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Biden administration’s claim of 1 million jobs added in second quarter was off by 1 million



The Biden administration vastly overstated its estimate that employers created more than 1 million jobs in the second quarter of this year, claiming historic job growth when in fact hiring had stalled, according to a new estimate.

Job growth was “essentially flat” in the second quarter with only 10,500 new jobs added, the Federal Reserve Bank of Philadelphia said.

Republicans are accusing the administration of lying about the employment data in an election year and are demanding answers.

The Philadelphia Fed’s new assessment shows that employment numbers in 29 states and the District of Columbia were significantly lower than the Bureau of Labor Statistics reported for the March-through-June period.

The BLS, a division of the Labor Department, estimated net job growth of 1,047,000 jobs in the second quarter. The Philadelphia Fed now says its data shows that 10,500 net jobs were created in that period.

Republican Sen. Rick Scott of Florida called the development “outrageous.”

“Wrong by a million jobs,” Mr. Scott tweeted Friday. “@JoeBiden’s admin has been lying to the American people about our economy to prop up his failed agenda & I won’t stand for it. I’m requesting an immediate meeting with the head of @BLS_gov. WE NEED ANSWERS NOW!”

President Biden had boasted about the second-quarter job numbers in the heat of the midterm election campaign, using the BLS report as proof that the nation wasn’t headed for a recession.

“In the second quarter of this year, we created more jobs than in any quarter under any of my predecessors in the nearly 40 years before the pandemic,” Mr. Biden said on July 8.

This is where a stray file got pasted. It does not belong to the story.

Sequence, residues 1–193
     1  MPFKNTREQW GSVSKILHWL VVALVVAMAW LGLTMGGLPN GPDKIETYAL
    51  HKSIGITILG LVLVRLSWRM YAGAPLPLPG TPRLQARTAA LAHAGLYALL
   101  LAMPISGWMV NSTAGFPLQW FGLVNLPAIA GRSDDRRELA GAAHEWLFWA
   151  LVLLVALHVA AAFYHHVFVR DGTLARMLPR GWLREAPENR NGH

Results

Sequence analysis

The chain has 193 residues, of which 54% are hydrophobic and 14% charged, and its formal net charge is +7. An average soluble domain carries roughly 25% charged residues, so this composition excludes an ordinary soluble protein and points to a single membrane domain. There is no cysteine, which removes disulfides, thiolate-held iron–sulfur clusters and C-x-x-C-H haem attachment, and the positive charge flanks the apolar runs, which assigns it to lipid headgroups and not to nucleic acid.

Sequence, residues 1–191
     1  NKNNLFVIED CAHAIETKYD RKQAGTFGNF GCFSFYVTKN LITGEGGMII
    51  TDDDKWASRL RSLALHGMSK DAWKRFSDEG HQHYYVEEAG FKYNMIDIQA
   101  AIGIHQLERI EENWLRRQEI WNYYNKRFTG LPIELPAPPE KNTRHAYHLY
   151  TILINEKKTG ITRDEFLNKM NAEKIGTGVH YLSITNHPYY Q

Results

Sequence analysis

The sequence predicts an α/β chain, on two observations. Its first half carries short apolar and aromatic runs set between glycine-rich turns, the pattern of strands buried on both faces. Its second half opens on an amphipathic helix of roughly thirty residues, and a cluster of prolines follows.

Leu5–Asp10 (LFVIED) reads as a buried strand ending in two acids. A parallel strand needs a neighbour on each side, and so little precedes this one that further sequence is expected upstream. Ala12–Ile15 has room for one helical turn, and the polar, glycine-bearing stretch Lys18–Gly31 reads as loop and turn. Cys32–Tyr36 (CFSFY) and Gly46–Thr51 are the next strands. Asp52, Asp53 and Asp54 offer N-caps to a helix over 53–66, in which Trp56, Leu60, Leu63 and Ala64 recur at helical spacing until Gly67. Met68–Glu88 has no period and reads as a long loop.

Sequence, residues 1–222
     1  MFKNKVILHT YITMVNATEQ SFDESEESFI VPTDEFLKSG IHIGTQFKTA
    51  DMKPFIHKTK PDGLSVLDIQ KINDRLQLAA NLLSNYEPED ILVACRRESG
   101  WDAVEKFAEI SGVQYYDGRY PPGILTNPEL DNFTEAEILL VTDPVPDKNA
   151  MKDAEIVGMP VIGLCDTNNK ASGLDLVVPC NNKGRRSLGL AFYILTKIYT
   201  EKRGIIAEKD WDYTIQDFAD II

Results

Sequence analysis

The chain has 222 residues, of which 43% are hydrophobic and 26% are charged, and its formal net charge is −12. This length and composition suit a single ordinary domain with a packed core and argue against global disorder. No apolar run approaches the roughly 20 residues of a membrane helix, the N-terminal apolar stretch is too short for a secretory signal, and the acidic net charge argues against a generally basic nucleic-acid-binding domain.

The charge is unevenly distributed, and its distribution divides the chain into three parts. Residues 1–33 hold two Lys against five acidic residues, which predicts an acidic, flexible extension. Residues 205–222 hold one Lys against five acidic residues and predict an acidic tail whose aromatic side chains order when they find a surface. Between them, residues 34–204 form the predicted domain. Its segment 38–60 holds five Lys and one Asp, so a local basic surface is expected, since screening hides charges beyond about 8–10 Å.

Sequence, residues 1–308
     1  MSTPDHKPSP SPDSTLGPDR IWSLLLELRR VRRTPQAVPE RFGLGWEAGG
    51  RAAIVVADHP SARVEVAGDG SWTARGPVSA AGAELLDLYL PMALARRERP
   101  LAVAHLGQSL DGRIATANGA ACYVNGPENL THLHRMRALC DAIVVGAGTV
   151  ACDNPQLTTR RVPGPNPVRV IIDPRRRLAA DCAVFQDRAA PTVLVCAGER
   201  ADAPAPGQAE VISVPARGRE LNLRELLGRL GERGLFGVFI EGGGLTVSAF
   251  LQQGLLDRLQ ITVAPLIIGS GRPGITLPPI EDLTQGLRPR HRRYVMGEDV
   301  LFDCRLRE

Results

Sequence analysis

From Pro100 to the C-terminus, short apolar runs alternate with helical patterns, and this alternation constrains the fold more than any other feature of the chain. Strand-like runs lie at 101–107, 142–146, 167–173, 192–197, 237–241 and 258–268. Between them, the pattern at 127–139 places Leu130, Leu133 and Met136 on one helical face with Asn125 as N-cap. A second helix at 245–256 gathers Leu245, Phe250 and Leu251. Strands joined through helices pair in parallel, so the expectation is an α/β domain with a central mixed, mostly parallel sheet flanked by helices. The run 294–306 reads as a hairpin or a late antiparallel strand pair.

The White House repeated the theme a few weeks later.

“The economy created more than 1.1 million jobs in the second quarter, or around 375k jobs per month,” the White House said in a statement on July 22. “In recessions, the economy tends to lose jobs. The strength of the labor market, along with other economic indicators, is not what we generally see in a recession or even a pre-recession. The drop in unemployment all around the country is a sign of enormous progress, and puts the U.S. in a better position to fight the global challenges of inflation.”

The Philadelphia Fed said its job estimates are better because they “incorporate more comprehensive, accurate job estimates released by the BLS as part of its Quarterly Census of Employment and Wages program,” rather than the BLS’s less reliable monthly reporting of data.

Looking at specific states in its region, the Philadelphia Fed said job growth in Pennsylvania for the second quarter was “essentially flat,” while the BLS had reported job growth of 2.9%.

In New Jersey, payroll jobs fell 1.2% in the second quarter, instead of the 3.4% growth reported by the BLS.

In the president’s home state of Delaware, payroll jobs fell by 4.1%, rather than the 4.5% growth reported by the BLS.





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